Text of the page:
Amino acid dating techniques
The survival of amino acids in fossils from the Paleozoic era and the trend for the apparent racemization rate constant to decrease with conventional fossil age assignment raise a serious question concerning the accuracy with which radioisotope age data have been used to represent the real-time history of fossils.The instability of the twenty amino acids which are the building blocks of proteins provides a possible means for determining the ages of fossils.(For it would be strange and anti-scientific to conjecture that the rate of racemization of the shells in the Arctic mud is constant whenever we can check it, but variable when we can't.) Just this was established by Kaufman et. (2008) in their paper Dating late Quaternary planktonic foraminifer Neogloboquadrina pachyderma from the Arctic Ocean by using amino acid racemization, Paleoceanography, 23(3).It gives the reader some idea of the difficulties of the method that they were obliged to use the single common foram species N.But after its death, the amino acids can spontaneously change their chirality, flipping from being left-handed to right-handed, and indeed back again.The result of this process is that eventually the amino acids will collectively become racemic: each particular amino acid will have one chirality or another, but after a sufficient amount of time, collectively the amino acids won't favor one enantiomer over another. We should note that although the underlying basis for this process is random, and that in principle the amino acids could by some statistical fluctuation become less racemic and more chiral, the laws of statistics ensure that in practice if we are looking at a large enough sample of amino acids, the chances are astronomically remote that such a thing will occur.An attempt to account for these apparently anomalous observations has been made by suggesting that the fossil matrix somehow holds the amino acid molecules together so that they do not spontaneously decompose as would be expected on the basis of their binding energies (i.e., structural strength) (Hare and Mitterer 1968).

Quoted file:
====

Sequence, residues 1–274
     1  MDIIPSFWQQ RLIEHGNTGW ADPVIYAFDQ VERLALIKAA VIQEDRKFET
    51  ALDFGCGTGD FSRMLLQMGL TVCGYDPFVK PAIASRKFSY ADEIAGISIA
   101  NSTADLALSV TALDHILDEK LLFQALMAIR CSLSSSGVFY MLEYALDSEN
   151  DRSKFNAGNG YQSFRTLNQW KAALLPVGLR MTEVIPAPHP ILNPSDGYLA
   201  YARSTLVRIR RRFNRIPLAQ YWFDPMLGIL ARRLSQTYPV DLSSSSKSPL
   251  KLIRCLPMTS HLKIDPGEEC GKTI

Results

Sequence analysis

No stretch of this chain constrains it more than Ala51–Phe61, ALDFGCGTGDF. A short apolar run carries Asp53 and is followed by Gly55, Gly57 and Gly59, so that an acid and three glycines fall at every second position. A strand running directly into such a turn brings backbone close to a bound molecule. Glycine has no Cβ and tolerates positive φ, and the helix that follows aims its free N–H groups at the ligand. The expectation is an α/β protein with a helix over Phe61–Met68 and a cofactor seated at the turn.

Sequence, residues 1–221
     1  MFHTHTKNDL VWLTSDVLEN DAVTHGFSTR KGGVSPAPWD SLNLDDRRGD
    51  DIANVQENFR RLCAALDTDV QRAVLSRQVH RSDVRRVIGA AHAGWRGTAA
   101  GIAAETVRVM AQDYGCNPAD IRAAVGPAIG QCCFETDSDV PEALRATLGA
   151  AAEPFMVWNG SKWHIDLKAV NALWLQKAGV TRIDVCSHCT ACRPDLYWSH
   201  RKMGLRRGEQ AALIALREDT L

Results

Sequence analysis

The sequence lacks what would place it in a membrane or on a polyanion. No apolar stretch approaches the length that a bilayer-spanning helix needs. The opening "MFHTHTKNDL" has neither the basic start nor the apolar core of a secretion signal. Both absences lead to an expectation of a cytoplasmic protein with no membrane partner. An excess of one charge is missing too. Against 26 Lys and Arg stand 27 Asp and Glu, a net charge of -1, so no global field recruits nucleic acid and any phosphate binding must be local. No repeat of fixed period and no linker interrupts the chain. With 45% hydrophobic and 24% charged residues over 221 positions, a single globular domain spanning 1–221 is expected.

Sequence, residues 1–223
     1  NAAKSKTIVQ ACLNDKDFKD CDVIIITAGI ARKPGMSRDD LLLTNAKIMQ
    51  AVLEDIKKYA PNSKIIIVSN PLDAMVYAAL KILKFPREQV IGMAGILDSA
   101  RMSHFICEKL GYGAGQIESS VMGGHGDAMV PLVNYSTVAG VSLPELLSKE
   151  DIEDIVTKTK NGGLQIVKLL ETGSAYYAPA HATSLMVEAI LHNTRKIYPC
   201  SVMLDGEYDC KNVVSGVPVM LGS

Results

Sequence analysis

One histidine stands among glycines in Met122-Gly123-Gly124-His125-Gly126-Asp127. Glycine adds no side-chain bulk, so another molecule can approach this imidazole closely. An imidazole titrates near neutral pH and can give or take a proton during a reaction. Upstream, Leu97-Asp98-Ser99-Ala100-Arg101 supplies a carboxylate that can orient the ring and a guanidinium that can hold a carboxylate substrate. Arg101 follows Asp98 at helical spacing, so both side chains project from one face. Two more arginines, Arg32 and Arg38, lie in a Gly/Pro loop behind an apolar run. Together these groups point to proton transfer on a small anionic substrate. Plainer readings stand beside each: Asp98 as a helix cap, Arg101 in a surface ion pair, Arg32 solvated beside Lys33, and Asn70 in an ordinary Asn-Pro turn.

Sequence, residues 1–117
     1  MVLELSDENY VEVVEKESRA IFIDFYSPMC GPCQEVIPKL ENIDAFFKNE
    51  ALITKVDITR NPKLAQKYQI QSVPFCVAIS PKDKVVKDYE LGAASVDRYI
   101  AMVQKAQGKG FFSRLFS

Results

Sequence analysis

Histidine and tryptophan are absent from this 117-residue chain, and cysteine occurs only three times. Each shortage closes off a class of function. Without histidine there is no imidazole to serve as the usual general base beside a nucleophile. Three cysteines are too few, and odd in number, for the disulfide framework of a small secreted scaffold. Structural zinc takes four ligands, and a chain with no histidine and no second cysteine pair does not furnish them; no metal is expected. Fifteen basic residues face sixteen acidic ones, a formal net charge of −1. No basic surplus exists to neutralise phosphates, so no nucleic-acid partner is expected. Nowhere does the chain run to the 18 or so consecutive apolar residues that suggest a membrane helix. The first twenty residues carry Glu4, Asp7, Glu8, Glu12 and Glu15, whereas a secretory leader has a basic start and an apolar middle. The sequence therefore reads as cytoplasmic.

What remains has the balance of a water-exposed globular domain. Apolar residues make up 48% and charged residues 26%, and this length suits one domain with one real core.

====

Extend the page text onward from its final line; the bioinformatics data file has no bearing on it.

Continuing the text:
All this is not to say that the reader should dismiss out of hand results obtained by amino acid dating; but it can be trusted only when the people applying it have taken care to ensure that they are using it in a context in which it is known to work.
pachyderma, having found that racemization rates differed even between different species of forams.